Tupperware Bowl and Cover

Description
Few products are more symbolic of household life in post-World War II America than Tupperware. Made of plastic, intended for service in the suburban kitchen, and with clean and modern design, Tupperware represented "tomorrow's designs with tomorrow's substances." The Museum's collections include over 100 pieces of Tupperware, dating from 1946 through 1999. This bowl and cover were made by Tupperware Corporation, Woonsocket, R.I. (bowl), and Farnumsville, Mass. (lid), 1946–1958 and donated by Glenn O. Tupper.
Beginning in the 1930s, chemist Earl S. Tupper (1907–1983) experimented with polyethylene slag, a smelly, black waste product of oil refining processes, to develop uses for it. He devised translucent and opaque colored containers that he first marketed in 1942 as "Welcome Ware," then added lids with a patented seal later in the decade.
Modeled after the lid of a paint can, the lid to a Tupperware container was to be closed with a "burp," to create a partial vacuum and make the seal tight. The product was designed to appeal to the growing number of housewives who worked in suburban kitchens with modern appliances, including large refrigerators that allowed once-a-week trips for grocery shopping at the supermarket. These women formed a market for new and effective methods of food storage. Tupperware's water-tight, airtight seal promised preservation of freshness and limited spills or spoilage.
Yet the capabilities of the new product were not obvious to consumers at first, and Tupper's containers did not sell well in retail stores. A Michigan woman named Brownie Wise thought of marketing Tupperware through the home-sales method. Wise developed the system of Tupperware parties, at which a demonstrator could show the uses and advantages of Tupperware. As Tupperware became a staple of many American kitchens, some women found job opportunities in Tupperware sales.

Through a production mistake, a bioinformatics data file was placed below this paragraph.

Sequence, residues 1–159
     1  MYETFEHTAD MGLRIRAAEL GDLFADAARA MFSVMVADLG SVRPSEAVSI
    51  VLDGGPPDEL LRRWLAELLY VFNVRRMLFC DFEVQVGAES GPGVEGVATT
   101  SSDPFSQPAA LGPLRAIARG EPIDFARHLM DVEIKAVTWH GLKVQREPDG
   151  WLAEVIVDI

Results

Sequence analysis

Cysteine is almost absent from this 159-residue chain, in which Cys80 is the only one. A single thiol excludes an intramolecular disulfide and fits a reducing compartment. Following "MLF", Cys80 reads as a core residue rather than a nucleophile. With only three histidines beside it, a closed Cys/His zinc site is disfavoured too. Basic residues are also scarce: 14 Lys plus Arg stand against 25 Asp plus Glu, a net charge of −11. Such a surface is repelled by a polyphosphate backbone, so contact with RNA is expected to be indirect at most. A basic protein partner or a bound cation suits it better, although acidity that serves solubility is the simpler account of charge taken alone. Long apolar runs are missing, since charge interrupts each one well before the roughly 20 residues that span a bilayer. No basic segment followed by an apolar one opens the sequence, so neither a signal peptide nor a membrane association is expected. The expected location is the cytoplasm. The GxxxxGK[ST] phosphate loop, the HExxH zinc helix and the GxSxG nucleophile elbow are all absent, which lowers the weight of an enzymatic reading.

Location
Currently not on view
Object Name
bowl
date made
ca 1949
manufacturer
Tupperware
Physical Description
plastic (overall material)
Measurements
average spatial: 5.3 cm x 7 cm; 2 1/16 in x 2 3/4 in
overall: 2 1/4 in x 2 3/4 in; 5.715 cm x 6.985 cm
place made
United States: Massachusetts, Grafton, Farnumsville
United States: Rhode Island, Woonsocket
ID Number
1992.0605.022
catalog number
1992.0605.022A,B
accession number
1992.0605
subject
Domestic Furnishings
Industry & Manufacturing
Food
See more items in
Home and Community Life: Domestic Life
Data Source
National Museum of American History, Kenneth E. Behring Center
Credit Line
Glenn O. Tupper

Visitor Comments

Add a comment about this object

**Please read before submitting the form**

Have a comment or question about this object to share with the community? Please use the form below. Selected comments will appear on this page and may receive a museum response (but we can't promise). Please note that we generally cannot answer questions about the history, rarity, or value of your personal artifacts.

Have a question about anything else, or would you prefer a personal response? Please visit our FAQ or contact page.

Personal information will not be shared or result in unsolicited e-mail. See our privacy policy.

Image CAPTCHA
Enter the characters shown in the image.